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Alex Payne, 20, leads the Greenfield division for Student Painters. His parents urged him from an early age to work for what he wants. (Shelley Swift / for the Daily Reporter)
Alex Payne, 20, leads the Greenfield division for Student Painters. His parents urged him from an early age to work for what he wants. (Shelley Swift / for the Daily Reporter)

GREENFIELD — As a 12-year-old kid, Alex Payne and his friends thought his dad was a nag for frequently encouraging them to one day own their own businesses.

Just a few years later, however, Payne is doing just that. The 2012 Mt. Vernon High School graduate now leads the Greenfield division for Student Painters, a Midwestern company that recruits ambitious college students to lead their peers in painting houses and business buildings over summer break.

His dad couldn’t be prouder.

“Even when he and his brother were kids, we always encouraged them to fend for themselves. If they wanted something nice, they had to go work and buy it themselves,” recalls his dad, Scott Payne, an independent vacuum distributor.

Alex printed out his first business cards when he was in the fifth or sixth grade, when he and his best friend started going door to door seeking jobs cutting grass and shoveling snow. For years, he sold newspapers at Indianapolis Colts games and at events at the Indianapolis Motor Speedway to raise money for his AAU travel basketball team.

Today, at age 20, he’s leading two four-man crews as they paint their way through the greater Greenfield area.

“The biggest rewards is looking at before-and-after photos of work we’ve done, being able to say, ‘Hey, I did that,’” said Payne, who is studying public financial management and entrepreneurship at Indiana University in Bloomington.

He first heard of Student Painters through a mass email to students, and he attended the open call for leaders in January. He attended a two-day training session and started laying the groundwork for his new business in February.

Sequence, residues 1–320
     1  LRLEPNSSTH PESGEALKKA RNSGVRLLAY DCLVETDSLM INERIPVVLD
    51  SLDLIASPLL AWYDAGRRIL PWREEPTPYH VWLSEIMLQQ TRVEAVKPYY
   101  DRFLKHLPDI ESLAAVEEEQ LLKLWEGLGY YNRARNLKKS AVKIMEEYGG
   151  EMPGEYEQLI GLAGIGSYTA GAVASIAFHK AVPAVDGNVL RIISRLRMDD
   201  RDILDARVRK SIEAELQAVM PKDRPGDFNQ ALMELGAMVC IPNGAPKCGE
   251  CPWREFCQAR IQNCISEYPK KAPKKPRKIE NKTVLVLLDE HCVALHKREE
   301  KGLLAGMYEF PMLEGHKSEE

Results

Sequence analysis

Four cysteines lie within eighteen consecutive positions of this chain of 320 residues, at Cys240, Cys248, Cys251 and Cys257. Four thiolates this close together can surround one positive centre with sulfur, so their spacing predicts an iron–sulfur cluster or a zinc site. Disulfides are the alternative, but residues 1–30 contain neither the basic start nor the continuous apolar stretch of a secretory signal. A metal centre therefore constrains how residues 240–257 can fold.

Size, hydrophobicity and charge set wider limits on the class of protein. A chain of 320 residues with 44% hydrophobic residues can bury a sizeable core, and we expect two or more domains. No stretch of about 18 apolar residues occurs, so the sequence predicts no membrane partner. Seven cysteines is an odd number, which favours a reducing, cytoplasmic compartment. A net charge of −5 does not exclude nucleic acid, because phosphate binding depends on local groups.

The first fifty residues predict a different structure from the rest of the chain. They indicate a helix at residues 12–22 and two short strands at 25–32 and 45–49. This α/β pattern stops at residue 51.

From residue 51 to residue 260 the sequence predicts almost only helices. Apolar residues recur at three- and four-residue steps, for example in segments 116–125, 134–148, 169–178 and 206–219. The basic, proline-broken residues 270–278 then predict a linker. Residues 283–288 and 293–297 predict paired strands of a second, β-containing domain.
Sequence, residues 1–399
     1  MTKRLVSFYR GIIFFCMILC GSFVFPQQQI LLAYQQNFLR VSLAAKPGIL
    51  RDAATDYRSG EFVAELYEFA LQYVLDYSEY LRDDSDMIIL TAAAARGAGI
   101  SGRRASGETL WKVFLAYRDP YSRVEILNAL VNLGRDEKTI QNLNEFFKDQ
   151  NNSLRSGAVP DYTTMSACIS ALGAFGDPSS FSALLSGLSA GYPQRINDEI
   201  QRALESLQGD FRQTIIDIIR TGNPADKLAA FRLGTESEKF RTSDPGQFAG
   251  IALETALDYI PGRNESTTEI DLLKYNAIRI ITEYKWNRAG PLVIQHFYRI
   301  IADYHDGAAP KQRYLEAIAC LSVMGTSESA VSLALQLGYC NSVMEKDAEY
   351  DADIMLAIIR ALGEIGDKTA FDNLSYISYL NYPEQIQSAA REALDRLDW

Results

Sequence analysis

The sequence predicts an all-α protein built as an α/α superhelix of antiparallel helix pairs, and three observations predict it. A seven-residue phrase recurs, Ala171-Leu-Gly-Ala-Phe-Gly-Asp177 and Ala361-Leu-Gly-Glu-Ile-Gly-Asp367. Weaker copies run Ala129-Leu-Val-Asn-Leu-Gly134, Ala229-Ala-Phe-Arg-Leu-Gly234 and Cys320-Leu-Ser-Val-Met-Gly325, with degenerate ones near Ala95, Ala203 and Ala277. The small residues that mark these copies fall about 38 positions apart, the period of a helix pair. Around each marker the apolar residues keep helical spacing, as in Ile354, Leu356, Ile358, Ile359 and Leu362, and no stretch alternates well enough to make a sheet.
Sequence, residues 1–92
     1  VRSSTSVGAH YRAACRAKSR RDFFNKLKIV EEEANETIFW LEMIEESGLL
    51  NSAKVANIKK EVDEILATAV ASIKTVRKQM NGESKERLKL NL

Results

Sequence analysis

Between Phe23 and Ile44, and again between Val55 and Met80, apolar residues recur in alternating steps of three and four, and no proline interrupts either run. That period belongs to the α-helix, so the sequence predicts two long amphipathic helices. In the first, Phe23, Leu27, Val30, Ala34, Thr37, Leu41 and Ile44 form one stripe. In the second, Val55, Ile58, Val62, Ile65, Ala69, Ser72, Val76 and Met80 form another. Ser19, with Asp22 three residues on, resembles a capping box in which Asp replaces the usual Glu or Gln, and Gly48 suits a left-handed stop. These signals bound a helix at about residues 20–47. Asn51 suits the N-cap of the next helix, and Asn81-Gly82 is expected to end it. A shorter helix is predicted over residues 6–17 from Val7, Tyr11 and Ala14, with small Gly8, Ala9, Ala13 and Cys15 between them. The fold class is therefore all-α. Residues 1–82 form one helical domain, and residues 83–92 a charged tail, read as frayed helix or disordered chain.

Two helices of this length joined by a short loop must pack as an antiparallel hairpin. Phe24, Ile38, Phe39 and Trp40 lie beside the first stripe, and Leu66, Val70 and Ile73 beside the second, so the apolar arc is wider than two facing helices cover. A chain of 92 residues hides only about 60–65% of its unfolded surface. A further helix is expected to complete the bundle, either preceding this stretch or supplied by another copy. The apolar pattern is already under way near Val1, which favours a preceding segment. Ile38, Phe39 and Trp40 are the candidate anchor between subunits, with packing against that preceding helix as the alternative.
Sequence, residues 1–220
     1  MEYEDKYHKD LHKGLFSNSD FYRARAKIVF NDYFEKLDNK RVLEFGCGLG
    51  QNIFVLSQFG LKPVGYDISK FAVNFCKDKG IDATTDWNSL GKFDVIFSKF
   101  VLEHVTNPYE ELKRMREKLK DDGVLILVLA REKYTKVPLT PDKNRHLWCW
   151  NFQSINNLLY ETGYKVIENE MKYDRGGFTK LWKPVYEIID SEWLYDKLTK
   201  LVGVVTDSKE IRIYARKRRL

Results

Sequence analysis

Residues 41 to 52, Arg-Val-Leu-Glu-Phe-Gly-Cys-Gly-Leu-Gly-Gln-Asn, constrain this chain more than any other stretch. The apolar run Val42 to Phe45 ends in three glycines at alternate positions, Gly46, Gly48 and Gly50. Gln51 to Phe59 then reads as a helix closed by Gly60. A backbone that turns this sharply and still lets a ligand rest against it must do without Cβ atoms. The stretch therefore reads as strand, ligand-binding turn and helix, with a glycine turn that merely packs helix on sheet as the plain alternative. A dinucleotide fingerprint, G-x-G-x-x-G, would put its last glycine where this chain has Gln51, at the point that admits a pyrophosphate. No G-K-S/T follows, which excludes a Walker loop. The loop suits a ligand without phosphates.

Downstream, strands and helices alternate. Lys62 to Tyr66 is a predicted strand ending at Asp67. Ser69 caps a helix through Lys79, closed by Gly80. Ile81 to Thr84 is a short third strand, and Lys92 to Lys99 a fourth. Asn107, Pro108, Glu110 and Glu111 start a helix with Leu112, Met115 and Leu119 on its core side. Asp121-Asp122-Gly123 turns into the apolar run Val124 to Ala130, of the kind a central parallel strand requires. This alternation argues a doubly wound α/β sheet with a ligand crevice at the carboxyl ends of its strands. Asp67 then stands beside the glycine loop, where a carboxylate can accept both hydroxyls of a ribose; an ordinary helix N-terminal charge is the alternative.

Payne is spending his summer drumming up business and has racked up $33,000 of his $75,000 sales goal so far.

“Alex is a very self-motivated individual, so he’s doing very well,” said Mike Roberts, vice president of Young Entrepreneurs Across America, the parent company of Student Painters.

“He’s doing sales, marketing, production, financial analysis, hiring and firing employees, filing payroll – everything you would be doing if you were running any other business. What it takes to be successful is a positive attitude and work ethic, and Alex definitely has both of those.”

Running his own company seems to come naturally to Payne, whose dad encouraged him to read business-savvy books like “Rich Dad, Poor Dad” and “Who Moved My Cheese?” as a kid.

The unorthodox method seems to have worked. Payne credits his dad and mom, Phyllis, a child-care provider, for his strong work ethic.

“When my dad would preach to me and my friends the power of owning your own business while we were in middle school and high school, we felt like he was nagging us about it. But ironically, now all of us want to do exactly that,” said Payne, a lifelong Greenfield resident.

He even has an idea for a future business venture that he’s working on with friends back at IU but doesn’t feel at liberty to share that vision publicly just yet. For now, he’s gaining real-world experience running his painting crews, which includes younger brother Andrew Payne, who just graduated from high school.

With such a young workforce, one of Alex’s challenges is convincing potential clients to trust in a crew made up of mostly college students.

“People are a little skeptical because we’re college students, but I tell them they can feel good about hiring capable, book-smart young people who are raising college tuition,” he said.

While he might not always work as a house painter, no matter what type of business Payne finds himself leading in the future, he knows the life lessons his parents taught him will come in handy.

His dad is thankful the lessons sunk in.

“I always told him as a young businessman, if you’ve got integrity and you’re honest and truthful, then people will come back and be loyal to you,” said Scott Payne. “It’s great to see Alex putting that into practice.”

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